Britons travelling to Spain for a holiday this summer could face “missed connections” or “endless queues” at passport border control. The issue was raised by Javier Gandara, the president of the Spanish association of airlines, ALA.
Gandara said: “The image of endless queues or missed connections is the last thing we need.”
He raised the alarm following a weekend of long queues at passport control at Madrid airport.
The ALA said the chaotic scenes were likely to be repeated at tourist hotspots such as Alicante, Malaga and the Canary Islands.
Gandara demanded Spain’s Ministry of the Interior take action so the “necessary resources are available in all Spanish airports to handle the influx of tourists” at the beginning of the summer.
He blamed the queues on a lack of border staff to process tourists at passport control during the summer months.
Gandara said 1,000 tourists were affected in Madrid this weekend on connecting flights while 4,500 had been impacted throughout March.
Some tourists catching intercontinental flights have struggled to catch their stopovers on time due to the long queues.
Gandara said “not long from now” a huge influx of British tourists are expected to arrive which could create a “possible problem” at tourist hotspots.
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More than 80 percent of international tourists travel to Spain by air and Gandara expressed the queues would give a bad impression of the country.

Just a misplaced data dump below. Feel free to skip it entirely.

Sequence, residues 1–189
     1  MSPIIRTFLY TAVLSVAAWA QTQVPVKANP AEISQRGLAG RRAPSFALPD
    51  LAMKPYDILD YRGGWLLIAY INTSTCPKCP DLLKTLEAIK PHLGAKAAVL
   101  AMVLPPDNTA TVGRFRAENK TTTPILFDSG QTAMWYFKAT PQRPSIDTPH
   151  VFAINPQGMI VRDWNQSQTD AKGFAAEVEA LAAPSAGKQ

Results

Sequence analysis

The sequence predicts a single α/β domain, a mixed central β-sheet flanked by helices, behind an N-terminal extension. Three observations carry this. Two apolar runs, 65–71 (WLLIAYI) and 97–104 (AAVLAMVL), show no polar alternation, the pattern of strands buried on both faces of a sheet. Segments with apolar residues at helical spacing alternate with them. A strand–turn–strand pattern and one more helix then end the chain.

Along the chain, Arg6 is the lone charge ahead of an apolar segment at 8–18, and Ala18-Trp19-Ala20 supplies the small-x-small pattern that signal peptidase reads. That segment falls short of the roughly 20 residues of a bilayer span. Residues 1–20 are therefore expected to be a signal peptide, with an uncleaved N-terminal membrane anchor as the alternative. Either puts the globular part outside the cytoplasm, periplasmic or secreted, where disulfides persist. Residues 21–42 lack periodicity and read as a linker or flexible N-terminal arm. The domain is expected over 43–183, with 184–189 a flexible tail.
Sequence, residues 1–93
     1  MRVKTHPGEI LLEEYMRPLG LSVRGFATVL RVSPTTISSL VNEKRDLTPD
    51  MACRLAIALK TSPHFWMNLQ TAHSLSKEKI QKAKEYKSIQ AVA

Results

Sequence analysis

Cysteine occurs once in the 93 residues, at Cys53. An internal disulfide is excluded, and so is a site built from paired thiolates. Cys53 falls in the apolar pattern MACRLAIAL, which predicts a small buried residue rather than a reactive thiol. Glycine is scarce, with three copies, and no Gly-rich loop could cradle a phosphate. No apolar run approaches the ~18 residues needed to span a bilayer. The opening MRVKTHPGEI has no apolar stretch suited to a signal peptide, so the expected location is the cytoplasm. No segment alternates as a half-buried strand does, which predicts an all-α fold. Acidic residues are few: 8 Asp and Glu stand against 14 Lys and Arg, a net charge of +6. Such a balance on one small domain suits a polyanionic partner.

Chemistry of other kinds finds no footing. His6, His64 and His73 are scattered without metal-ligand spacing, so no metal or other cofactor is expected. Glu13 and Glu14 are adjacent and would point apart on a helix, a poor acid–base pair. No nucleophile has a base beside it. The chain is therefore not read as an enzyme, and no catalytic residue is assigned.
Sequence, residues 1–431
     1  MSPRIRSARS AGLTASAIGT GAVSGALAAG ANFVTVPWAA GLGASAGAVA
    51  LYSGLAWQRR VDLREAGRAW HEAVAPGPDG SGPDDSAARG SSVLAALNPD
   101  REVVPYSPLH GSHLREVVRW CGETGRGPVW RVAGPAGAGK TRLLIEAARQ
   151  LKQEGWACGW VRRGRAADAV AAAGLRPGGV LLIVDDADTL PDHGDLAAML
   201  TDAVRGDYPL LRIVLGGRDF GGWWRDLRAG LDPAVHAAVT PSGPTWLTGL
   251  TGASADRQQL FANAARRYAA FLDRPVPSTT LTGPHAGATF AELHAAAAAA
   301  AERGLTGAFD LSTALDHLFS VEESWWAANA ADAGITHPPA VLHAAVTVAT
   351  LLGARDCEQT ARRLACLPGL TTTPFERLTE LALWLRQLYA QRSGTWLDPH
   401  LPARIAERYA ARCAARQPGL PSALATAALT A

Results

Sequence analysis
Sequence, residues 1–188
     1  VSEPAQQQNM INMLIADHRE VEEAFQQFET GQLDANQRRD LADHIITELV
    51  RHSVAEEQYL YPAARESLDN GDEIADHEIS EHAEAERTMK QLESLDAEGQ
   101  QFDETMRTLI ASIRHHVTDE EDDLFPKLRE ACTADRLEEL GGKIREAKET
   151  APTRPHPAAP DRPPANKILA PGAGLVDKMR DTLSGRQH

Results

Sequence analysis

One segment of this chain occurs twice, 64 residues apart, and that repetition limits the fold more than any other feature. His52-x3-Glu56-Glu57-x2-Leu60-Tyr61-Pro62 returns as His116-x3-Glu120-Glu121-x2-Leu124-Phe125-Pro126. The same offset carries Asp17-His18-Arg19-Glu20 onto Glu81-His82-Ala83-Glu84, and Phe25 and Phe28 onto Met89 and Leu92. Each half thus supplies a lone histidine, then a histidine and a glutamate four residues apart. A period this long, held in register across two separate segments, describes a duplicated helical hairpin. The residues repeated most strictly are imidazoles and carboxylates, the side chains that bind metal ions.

The airport operator AENA had said that border force is not its responsibility and said it is up to the Ministry of the Interior to resolve the problem.
Since the UK left the EU, British tourists have to have their passport stamped every time they enter and leave Spain.
This means that queues could be longer than before Brexit as it takes more time to process Britons.
Last summer, British tourists faced long queues at several major Spanish airports during the peak holiday season.
British tourists can stay in Spain for a total of 90 days out of every 180 without needing a visa.
They will need to get their passport stamped when they enter and leave the country to prove they didn’t overstay.
If tourists do overstay the 90 day period, they could face fines, deportation or even a ban from entering Spain.
However, passport stamps may soon be a thing of the past as the EU is set to introduce a new electronic system.
The ETIAS will operate electronically and control the entry of non-EU citizens such as Britons to the bloc.
Britons will have to pay a fee every three years to have an ETIAS which they will need to holiday in the EU, including Spain.
The launch of ETIAS was recently delayed and is now expected to start at some point in 2024.
Additional reporting by Rita Sobot
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